Combination antithrombotic therapy and bleeding risk: Comparing atrial fibrillation and venous thromboembolism

Document Type

Conference Proceeding

Publication Date


Publication Title

Vascular Medicine


Background: Existing studies regarding combination anticoagulant- antiplatelet management have focused on patients with atrial fibrillation (AF). It is unknown if the combination of anticoagulant-antiplatelet therapy presents a comparable risk of bleeding for patients with venous thromboembolism (VTE).

Methods: Adult patients initiating warfarin at six anticoagulation clinics in Michigan from 2009 to 2020 were enrolled via a registry-based cohort study. Participants were stratified based on sole indication for anticoagulation: AF or VTE. Two propensity score-matched cohorts were generated based on demographics, comorbidities, antiplatelet use, and follow-up time. Survival analysis and Cox proportional hazards were used to examine adverse events.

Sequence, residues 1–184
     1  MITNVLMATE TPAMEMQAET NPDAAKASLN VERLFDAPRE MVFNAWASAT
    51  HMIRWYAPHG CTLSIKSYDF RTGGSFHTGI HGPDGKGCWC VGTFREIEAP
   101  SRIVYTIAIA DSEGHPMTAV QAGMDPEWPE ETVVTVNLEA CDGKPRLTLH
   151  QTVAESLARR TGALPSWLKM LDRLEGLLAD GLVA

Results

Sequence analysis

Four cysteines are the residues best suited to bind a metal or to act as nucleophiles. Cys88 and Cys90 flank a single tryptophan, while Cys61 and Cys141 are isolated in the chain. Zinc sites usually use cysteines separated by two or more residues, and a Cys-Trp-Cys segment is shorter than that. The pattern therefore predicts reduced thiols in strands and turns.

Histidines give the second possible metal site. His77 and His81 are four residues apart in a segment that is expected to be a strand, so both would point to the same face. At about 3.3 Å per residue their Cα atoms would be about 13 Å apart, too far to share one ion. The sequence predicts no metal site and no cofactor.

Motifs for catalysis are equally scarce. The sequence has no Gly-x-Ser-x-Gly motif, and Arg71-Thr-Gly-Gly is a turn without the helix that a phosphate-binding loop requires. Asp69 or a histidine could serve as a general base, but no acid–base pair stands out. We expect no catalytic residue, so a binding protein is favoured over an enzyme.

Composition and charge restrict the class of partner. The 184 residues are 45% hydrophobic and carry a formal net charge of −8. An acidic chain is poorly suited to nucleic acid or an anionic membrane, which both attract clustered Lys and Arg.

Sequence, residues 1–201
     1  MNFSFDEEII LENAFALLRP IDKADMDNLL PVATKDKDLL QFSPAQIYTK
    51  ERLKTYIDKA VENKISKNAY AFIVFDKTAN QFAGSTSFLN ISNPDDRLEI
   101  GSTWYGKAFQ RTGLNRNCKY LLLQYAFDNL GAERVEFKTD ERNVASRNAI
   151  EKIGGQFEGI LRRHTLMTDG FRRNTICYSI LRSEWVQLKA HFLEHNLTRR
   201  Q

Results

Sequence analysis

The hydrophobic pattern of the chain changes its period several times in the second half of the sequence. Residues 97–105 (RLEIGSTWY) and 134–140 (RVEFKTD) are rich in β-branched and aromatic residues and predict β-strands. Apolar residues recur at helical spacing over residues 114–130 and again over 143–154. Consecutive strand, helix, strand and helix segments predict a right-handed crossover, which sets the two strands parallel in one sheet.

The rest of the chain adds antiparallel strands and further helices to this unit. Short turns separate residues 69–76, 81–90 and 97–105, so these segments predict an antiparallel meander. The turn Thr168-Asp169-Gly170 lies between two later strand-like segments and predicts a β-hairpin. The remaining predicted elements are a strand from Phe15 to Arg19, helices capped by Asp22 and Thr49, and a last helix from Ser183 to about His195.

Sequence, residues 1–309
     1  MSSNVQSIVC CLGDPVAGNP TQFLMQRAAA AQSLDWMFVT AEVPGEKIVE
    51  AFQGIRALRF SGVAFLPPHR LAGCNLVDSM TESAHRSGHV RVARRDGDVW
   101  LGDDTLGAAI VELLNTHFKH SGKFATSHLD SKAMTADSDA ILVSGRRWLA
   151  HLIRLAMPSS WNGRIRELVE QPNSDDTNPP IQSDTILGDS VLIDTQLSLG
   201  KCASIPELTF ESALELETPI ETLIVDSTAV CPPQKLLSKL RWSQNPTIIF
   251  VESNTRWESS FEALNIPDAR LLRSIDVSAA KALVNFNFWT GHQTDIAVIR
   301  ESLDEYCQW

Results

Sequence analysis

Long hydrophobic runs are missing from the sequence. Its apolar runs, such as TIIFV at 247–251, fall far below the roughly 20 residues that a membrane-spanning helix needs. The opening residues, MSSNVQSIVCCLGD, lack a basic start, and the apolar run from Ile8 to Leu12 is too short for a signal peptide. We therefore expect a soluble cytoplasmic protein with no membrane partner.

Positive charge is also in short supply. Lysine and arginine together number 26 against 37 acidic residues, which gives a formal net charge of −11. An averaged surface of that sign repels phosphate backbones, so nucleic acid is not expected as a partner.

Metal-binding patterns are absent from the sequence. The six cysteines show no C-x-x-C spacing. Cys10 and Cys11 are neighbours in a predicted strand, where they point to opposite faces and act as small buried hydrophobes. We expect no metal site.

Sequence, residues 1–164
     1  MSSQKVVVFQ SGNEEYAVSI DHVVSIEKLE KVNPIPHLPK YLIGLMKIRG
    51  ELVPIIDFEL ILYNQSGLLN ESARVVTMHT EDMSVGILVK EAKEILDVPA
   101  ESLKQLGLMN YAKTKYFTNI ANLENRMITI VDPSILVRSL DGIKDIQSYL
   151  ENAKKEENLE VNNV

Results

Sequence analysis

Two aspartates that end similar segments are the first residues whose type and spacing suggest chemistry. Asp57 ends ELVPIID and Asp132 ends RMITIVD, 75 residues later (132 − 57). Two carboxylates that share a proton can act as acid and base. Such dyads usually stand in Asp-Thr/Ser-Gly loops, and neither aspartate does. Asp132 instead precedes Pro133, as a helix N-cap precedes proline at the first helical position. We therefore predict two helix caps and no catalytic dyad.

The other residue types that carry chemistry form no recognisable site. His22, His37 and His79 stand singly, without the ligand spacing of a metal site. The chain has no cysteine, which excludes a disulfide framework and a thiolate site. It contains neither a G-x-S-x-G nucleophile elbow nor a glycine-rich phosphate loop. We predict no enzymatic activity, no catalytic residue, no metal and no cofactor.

Results: Propensity score matching generated two wellbalanced cohorts of 1593 patients each. Bleeding risk was significantly higher in patients treated for VTE compared to AF (see Fig.). After adjusting for the number of antiplatelet agents, being anticoagulated for VTE remained significantly associated with increased bleeding risk (hazard ratio: 1.23; 95% CI: 1.08-1.42).

Conclusion: Patients anticoagulated for VTE have a significantly higher bleeding risk compared to similarly matched patients with AF. As most guidelines regarding antithrombotic management have focused on patients with AF, further research is needed to tailor these recommendations to the unique VTE population.





First Page